Inside Television: There's no stereotyping in ShondaLand - the production company headed up by showrunner du jour Shonda Rhimes

 

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The Independent Culture

Ever been to ShondaLand? If you've ever seen Grey's Anatomy, Scandal or Universal's new How to Get Away with Murder, consider that passport stamped. All three series were created by the production company headed up by showrunner du jour Shonda Rhimes – and she isn't the only female writer-producer having a moment.

For a long time the "Golden Age of Television" referred only to male-led shows, but what's remarkable about this new wave, is not so much the creators' gender, as the diversity of their characters. The work of Rhimes, Jenji Kohan and Jill Soloway features a whole rainbow of ages, sexualities, genders and ethnicities. Perhaps, then, it's to be expected that attention has zeroed in on the issue of representation. Expected, but not fair.

A New York Times critic caused offence with an article about Rhimes's "angry black woman" characters who are "wrought in their creator's image", the underlying assumption being that a show by a black woman, must be a show about Black Women. Meanwhile, Mindy Kaling, showrunner of The Mindy Project and a woman of South Asian descent has rejected even the expectation that she engage with criticism regarding diversity.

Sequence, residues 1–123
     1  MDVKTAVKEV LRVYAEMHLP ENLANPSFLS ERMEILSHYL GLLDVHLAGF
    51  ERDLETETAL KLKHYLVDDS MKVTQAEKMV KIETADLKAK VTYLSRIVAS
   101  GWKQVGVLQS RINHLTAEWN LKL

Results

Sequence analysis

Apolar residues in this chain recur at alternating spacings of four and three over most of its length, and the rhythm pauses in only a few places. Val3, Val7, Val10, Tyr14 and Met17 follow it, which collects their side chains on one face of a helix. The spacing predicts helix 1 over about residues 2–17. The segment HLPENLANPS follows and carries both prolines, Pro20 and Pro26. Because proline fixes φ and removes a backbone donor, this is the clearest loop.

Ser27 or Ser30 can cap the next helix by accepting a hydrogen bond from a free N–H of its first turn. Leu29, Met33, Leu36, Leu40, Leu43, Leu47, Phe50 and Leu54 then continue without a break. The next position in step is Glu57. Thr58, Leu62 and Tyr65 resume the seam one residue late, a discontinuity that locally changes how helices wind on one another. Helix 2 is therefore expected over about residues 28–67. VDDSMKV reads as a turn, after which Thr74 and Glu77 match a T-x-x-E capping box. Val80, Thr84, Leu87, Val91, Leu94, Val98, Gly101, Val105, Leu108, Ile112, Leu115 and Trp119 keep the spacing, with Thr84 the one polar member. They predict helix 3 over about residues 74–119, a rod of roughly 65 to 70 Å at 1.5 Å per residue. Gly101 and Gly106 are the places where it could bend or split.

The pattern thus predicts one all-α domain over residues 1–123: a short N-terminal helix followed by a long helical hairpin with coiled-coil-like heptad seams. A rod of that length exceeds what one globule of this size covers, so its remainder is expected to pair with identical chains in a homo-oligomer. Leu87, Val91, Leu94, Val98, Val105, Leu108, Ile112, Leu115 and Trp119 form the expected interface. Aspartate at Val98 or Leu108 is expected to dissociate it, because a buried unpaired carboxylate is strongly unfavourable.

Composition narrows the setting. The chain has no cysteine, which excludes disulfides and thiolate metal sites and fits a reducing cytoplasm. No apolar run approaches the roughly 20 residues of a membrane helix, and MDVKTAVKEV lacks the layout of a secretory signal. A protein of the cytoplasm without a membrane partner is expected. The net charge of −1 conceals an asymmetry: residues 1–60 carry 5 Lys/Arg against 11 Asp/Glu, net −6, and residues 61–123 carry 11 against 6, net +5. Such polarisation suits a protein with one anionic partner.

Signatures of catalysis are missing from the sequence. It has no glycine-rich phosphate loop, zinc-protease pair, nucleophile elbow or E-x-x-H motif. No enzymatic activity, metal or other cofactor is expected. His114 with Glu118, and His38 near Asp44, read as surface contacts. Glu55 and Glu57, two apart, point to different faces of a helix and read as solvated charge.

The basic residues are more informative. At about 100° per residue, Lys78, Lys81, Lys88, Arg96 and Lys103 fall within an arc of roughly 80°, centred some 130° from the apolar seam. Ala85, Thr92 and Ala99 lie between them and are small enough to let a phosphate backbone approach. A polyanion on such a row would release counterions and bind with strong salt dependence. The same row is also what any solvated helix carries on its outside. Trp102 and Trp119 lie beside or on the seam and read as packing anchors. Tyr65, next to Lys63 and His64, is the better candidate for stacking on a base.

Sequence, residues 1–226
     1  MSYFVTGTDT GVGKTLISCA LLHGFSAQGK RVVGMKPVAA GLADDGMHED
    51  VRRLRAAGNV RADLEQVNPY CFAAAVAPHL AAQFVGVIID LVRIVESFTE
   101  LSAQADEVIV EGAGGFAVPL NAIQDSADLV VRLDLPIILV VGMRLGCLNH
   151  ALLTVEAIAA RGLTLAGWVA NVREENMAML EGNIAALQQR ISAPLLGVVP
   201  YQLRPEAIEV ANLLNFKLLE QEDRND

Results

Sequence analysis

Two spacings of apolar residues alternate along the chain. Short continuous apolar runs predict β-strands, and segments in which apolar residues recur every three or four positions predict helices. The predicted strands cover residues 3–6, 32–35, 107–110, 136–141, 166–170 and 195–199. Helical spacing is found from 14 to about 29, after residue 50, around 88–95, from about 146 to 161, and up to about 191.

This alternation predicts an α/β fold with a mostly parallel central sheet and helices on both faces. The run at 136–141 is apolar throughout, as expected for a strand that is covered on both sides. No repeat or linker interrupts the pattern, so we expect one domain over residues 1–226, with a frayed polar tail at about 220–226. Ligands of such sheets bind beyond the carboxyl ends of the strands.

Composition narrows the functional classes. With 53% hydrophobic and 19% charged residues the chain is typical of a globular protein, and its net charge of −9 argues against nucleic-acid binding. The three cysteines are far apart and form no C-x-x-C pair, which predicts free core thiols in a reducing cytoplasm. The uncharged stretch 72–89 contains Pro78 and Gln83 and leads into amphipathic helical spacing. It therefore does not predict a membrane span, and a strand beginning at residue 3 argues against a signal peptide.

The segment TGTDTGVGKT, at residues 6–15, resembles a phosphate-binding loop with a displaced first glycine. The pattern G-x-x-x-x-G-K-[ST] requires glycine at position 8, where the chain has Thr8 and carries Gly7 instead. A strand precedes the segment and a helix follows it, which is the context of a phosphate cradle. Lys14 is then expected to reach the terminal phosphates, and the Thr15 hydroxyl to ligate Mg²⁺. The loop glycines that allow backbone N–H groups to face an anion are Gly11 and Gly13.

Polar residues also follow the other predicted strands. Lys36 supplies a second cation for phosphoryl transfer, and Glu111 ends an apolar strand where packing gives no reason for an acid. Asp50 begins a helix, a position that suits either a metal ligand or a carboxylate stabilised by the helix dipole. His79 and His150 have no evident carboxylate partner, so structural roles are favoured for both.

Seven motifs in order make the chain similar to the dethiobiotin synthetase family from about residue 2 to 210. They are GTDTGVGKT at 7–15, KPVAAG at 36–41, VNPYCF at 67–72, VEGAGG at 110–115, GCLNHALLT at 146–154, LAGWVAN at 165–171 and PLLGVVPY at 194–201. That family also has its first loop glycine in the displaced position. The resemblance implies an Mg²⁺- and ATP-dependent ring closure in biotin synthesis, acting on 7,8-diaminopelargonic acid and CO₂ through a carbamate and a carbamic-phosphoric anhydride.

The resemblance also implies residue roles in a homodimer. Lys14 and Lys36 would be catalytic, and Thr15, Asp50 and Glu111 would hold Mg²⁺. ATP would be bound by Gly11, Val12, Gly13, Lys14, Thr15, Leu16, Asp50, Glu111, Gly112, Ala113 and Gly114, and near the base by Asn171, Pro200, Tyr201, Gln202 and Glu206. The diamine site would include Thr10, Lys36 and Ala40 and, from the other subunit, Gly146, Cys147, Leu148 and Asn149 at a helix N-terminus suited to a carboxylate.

A straight male writer is not considered a failure if his lead doesn't represent all facets of the straight male experience, yet for women and minorities, the bar is set higher. Perhaps that's what makes How to Get Away With Murder, such relaxing destination television.

ShondaLand is a place where a character can be whoever they are, without the pressure to either live up to a stereotype or pointedly reject it. Wish you were here?

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